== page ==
How To Build The Perfect Drum Kit
What if you could talk to your younger drummer self? What would you say? I know there are a few things I would have loved to know when investing more money into the sound I was trying to achieve. The first question I would ask my younger drummer self, “do you really believe that there is a perfect drum kit for you?”
In the past years, there have been dynamic drum kits that have been released, but there have also been amazing customized drums that have taken the drummer’s sound to the next level. In order to decide on what would work for you, a choice needs to be made on the most important factor for a musician…YOUR SOUND!
WHAT HAVE YOU CONSIDERED?
Whether you are an advanced drummer or a novice building your chops, every drummer needs a drum to fulfill their musical ambitions.
One of the most emphasized and important drums that are unique to a drummer’s sound is the snare drum. Typically, a drum kit or a shell pack will not include a snare drum because snare drums are more unique to a drummer’s preference. Pieces like the stiff snare wires and the snare head can change the style of your sound.
There are endless modifications that can take your snare from average to drum virtuoso.
THE KICK DRUM
When you are looking for the right low end for your drum arsenal, what are you factoring in your decision? A great way to explore the best kick drum is by knowing what style of music you are playing.
Naturally, bigger kick drums will produce a larger sound because the air flux is more severe. If you choose to loosen the drum heads, your drum will produce a deeper sound. Smaller kick drums will be punchier with less of an elongated tone, which gives a crisper sound.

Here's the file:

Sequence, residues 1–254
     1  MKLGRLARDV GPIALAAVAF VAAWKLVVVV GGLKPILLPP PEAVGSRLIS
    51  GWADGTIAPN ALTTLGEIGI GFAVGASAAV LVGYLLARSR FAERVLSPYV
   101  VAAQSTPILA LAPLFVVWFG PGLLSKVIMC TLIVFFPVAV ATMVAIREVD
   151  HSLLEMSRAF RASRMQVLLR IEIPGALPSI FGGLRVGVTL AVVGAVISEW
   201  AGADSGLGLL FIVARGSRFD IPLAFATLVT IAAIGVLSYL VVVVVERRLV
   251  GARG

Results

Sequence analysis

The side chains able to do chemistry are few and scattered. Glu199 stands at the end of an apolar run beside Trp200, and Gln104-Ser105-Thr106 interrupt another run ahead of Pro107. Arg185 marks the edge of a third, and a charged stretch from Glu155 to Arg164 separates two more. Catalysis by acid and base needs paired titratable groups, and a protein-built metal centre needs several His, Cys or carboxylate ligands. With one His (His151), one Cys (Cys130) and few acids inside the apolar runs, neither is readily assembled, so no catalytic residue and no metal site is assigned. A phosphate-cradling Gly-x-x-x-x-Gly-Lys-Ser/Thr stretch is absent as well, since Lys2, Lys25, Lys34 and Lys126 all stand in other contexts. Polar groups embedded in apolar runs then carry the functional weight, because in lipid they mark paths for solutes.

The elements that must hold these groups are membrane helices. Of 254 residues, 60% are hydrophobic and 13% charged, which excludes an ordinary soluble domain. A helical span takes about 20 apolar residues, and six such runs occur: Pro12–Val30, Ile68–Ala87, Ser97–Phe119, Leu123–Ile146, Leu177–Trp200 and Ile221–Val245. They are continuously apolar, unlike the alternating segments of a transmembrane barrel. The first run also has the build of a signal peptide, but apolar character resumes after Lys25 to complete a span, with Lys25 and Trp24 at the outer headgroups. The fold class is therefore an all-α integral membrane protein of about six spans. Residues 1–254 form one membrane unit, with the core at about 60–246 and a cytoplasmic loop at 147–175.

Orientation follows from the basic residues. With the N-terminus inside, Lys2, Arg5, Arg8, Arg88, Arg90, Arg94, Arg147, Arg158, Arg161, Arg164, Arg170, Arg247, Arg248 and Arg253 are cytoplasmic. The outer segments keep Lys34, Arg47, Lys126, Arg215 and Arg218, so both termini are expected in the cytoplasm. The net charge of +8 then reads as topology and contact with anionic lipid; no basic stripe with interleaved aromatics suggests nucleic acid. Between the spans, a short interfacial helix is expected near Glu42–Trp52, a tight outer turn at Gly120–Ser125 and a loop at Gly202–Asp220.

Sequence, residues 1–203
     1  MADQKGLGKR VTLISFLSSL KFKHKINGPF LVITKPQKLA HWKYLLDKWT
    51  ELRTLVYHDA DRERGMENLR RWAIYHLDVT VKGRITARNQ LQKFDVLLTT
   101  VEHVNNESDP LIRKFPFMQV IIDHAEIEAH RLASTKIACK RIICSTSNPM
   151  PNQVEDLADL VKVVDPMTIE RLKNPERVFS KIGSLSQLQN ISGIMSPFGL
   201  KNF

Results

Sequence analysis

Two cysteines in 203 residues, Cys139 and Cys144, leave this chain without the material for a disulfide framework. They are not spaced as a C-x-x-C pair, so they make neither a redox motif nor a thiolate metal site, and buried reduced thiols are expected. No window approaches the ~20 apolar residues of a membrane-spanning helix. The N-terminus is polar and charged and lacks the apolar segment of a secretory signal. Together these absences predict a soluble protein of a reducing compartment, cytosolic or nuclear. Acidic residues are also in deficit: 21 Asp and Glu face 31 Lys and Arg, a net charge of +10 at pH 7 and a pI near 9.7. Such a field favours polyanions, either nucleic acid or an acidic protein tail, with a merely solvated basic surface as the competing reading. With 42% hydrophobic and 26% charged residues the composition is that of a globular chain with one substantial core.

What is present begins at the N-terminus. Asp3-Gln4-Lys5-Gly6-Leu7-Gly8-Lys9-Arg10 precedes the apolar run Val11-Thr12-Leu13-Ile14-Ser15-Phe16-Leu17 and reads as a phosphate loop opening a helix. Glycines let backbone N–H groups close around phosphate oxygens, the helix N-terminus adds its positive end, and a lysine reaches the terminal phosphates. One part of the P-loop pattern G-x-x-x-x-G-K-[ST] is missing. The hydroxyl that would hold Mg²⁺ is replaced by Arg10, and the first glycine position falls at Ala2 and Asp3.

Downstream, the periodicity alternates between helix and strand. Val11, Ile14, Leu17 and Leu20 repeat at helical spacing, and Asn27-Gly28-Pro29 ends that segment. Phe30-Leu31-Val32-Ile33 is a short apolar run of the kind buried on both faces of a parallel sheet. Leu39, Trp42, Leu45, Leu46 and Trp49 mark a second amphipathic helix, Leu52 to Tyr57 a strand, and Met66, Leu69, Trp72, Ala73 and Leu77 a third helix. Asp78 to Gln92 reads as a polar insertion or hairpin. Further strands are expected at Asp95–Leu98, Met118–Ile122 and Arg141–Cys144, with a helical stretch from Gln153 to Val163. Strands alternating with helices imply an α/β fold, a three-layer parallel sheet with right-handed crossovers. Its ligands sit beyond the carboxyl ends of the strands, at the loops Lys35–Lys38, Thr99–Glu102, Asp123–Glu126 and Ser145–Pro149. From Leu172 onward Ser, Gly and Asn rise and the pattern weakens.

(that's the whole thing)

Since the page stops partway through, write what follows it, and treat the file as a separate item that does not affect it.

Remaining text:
HOW DOES THAT FIT FOR MY STYLE OF PLAY?
By standard, a kick drum is 22 inches. Jazz drummers tend to have a smaller kick drum ranging from 18 to 20 inches (for a less deep sound) and rock drummers lean more towards kick drums that are 22 to 24 inches (for a larger sound).
Elvin Jones commanded a heavy, sleek sound for most of his jazz career. What made his sound stand out was his use of an 18-inch kick drum. Unlike Jones, John Bonham used a 26-inch kick drum that directed Led Zeppelin’s sound. For drummers looking for a sound resembling heavy metal, a double bass drum kit could lead you in the right direction. Though it may take a little time to perfect double-bass rhythms, having the force of two kick drums behind your sound would be a bonus. (Versatility points!)
DIG DEEPER FOR THE SPECIFIC SOUND YOU WANT: CUSTOMIZE
Complete drum kits are sometimes considered by advanced drummers to have minimal value. The shell construction in a drum kit is made to fit a wide variety of users – not to any specification. Over time, the maturation of your music requires an upgrade.
If you decide to buy custom drums, be careful in getting carried away like Neil Peart and use a 30+ piece kit (Unless your drumsticks can rapidly hit as quick as his per measure, then…give it a shot!). Your focus should be on the heart of your sound first: bass drums, toms, and the snare. It’s about quality, not quantity. Less is more.
Hardware, extensions, and breakables can be customized also.
WHAT TO CONSIDER:
- The Build Procedure
- Techniques on how the wood is shaped which focuses on the durability of the drum.
- How thick do you want your shells to be? The thinner the shell, the softer and warmer the pitch will be. The thicker the shell, the larger and more luminous the pitch will be.
- Type of Wood
- For a brighter tone: Mahogany and Poplar
- For a well-balanced tone: Maple
- For short notes: Birch
- Bearing Edge
- Mostly pertains to the durability of the drum and how it contacts the drumhead which influences the tone.
- Example: the baseball bat and round over cuts gives a well-established, warm tone with minimal overtones.
- Resonant (reactive to moving air when struck): thicker - deeper tone; thinner – brighter tone
- Single Ply (lighter playing style preferred): thinner – more high-end ring, but sound endures less than other drumheads
- Double Ply (deeper controlled sound): thicker punch with fewer overtones
- Pre-Muffed (built-in muffling): to dampen nonessential overtones
- Coated (in addition to drumhead): more mass – lowers vibration for a warmer controlled tone
…oh, and when you are having a custom drum kit built, you get to pick the perfect wrap to make your drum look pristine.
FINALLY… A DRUM!
Now that you have brushed up on what to look for in your drums, help guide your younger drummer self in finding the perfect kit.